The nice thing about being a heathen is that you can pretty much do, read, write whatever you want. So, after I'd completed Night of the Witches, I decided to release myself from my earlier vow and take a closer look at Modern Witchcraft. It made sense that Witches might want to read about witches, and I wanted to educate myself about my potential audience. To this end, I turned to Ronald Hutton's The Triumph of the Moon: A History of Modern Pagan Witchcraft, supplemented by A History of Witchcraft: Sorcerers, Heretics and Pagans by Jeffrey B. Russell and Brooks Alexander, as well as the neglected entries in Rosemary's aforementioned Encyclopedia.
As I read, it gradually dawned on me that, though I had made a point of not reading Gardner’s Witchcraft Today, old G. B. G. had nevertheless guided my hand. I’m not talking about ghostly intervention; what I mean to say is that while mainstream culture continues to look askance at Wicca, it has nevertheless absorbed much of its mythology. I had taken for granted that the concepts of coven and sabbat, of a Horned God and a Triple Goddess, were widely held ones, and they are. But they were not so before Gardner came along. He did not originate these concepts—we mustn't forget Margaret Murray and Robert Graves—but he did articulate and package them in such a way that Western culture eventually found highly appealing even while opposing them.
Margaret Murray herself wrote the introduction to 1954's Witchcraft Today. By that time, her own book, The Witch Cult in Western Europe (1921), had long been out of print. It was the energetic and press-loving Gardner who got the stone that was Modern Witchcraft really rolling. He got it rolling so fast, in fact, that I, non-Witch that I am, had unwittingly internalized its now moss-covered tenets.
Now that I could better put her visit into context, I wanted to have another look at P's letters. It took place in the summer of 1961, three years before Gardner's death and the same year that Gardner himself paid a visit to Robert Graves in Majorca. Gardner would have been rather frail by then, and he looks it in the photographs in the Witches Mill booklet.
Frail or not, he was still up to his usual tricks. In his first letter to P, postmarked 30 November, 1960, he states, ". . . having the Craft in my family, I managed to persuade them to let me write a little about it, from the inside." (Gardner consistently used a lowercase "l" in place of a capital "I." Though I've corrected this when quoting him, I leave his other errors intact.) In Witchcraft Today, his stance was that of an anthropologist, not a hereditary Witch. Had he forgotten his story or simply decided to change it?
There is humor, too, in his letter. Of the "Big Halloween festaval [sic]" at St. Albans, he says, "The secret rendezvous is so secret, that if you want to get there, you ask a Policeman." Of his museum, he advises P, "Its closed in the winter, but if you ring Castletown 2248 they will always arrange to open it, and take you round."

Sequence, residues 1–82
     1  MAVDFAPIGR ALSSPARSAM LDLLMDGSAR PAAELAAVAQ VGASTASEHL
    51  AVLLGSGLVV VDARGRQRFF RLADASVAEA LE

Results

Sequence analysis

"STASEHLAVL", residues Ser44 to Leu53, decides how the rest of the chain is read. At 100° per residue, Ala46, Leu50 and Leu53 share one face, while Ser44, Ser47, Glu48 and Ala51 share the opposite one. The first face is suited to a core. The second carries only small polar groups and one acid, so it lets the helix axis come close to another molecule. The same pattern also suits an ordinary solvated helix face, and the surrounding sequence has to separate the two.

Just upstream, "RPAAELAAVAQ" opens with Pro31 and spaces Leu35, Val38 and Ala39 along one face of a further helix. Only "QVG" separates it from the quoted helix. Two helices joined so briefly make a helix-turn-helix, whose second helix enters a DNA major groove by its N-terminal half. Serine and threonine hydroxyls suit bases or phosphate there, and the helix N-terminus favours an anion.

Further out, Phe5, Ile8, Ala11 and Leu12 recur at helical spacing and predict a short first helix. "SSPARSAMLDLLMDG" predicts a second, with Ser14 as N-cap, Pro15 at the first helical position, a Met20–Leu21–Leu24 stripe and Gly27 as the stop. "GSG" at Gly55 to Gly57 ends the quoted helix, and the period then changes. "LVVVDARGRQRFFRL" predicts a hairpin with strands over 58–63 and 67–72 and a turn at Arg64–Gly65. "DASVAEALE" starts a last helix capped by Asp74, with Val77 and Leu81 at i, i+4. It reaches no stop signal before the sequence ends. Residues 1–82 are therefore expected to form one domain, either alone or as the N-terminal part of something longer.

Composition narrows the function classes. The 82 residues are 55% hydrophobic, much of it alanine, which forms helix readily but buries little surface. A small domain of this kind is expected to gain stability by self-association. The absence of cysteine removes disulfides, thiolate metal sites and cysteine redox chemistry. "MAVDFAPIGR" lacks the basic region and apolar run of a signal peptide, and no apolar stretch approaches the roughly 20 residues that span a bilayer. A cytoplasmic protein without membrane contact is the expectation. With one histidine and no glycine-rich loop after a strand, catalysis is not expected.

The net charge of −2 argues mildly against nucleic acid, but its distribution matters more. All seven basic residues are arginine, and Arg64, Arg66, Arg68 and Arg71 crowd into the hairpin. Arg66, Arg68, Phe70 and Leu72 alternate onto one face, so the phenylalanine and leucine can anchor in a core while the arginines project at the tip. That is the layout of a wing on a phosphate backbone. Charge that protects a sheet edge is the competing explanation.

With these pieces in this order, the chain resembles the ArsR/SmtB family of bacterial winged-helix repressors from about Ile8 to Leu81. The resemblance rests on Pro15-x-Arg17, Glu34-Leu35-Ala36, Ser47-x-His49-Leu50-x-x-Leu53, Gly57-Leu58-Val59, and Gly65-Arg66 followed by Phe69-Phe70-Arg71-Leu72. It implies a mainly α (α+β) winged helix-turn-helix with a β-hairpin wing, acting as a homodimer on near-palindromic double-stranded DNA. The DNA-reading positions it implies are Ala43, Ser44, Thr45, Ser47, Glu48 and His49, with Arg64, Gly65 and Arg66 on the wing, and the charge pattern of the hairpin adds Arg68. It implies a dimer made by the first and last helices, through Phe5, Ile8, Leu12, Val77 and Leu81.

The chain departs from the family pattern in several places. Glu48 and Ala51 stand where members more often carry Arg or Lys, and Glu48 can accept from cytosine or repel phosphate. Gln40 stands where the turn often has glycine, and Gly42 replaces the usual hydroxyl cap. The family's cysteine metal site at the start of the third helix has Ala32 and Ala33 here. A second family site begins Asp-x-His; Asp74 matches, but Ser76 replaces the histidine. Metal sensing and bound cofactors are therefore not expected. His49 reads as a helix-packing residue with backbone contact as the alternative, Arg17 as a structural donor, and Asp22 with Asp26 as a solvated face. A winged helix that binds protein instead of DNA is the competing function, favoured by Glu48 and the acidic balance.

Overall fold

With the November letter he had enclosed an article detailing the nuptials of Pat Dawson and Arnold Crowther. "PAT CAST HER SPELL ON ARNOLD: Now it's black for the bride at witches wedding," wrote Trevor Reynolds in the Daily Herald, November 9, 1960. Gardner commented, "I enclose cutting, There were a large number of people at the wedding, and at the reception afterwards, including a number of reporters, what the latter say is nonsence, of course, but there is no disapproval."
It's touching to think of the Father of Modern Witchcraft clipping newspaper articles and diligently pecking at his typewriter in reply to his American reader. "Just ask for a Taxi to take you to Castletown, Witches Mill, and all will be well," he advised P. "If Ime not at the Mill twll them to send for me & Ill be up in a few minutes."
Was P initiated into Gardner's coven? No, though she admits that, at the time, she might have liked to be. Perhaps it just didn't come up. She would have been in her mid-thirties at the time of her visit, several years younger than I am today. Had I been alive and writing fifty years ago, I too might have rung Castletown 2248 and arranged to have tea with "Dr." Gardner, as he styled himself. I would have brought with me a copy of Witchcraft Today and asked him to sign it, as it had slipped P's mind to do back then. Then, with a flourish, I would have presented him with a copy of my own book, perhaps with the sly suggestion that he carry it in Ye Olde Gift Shoppe.
Or would I have? Certainly, by 1961, Gardnerian Witchcraft had grown legs, but they were probably not yet long enough to have so deeply influenced an American writer such as myself. Had I written Night of the Witches fifty years ago, chances are it would have been a completely different book. Even greater is the chance that I would not have thought to write it at all.
Linda Raedisch is a writer, papercrafter, and soapmaker. She is the author of Night of the Witches and The Old Magic of Christmas as well as numerous articles on folklore, herblore, and ancient religions. She lives in ...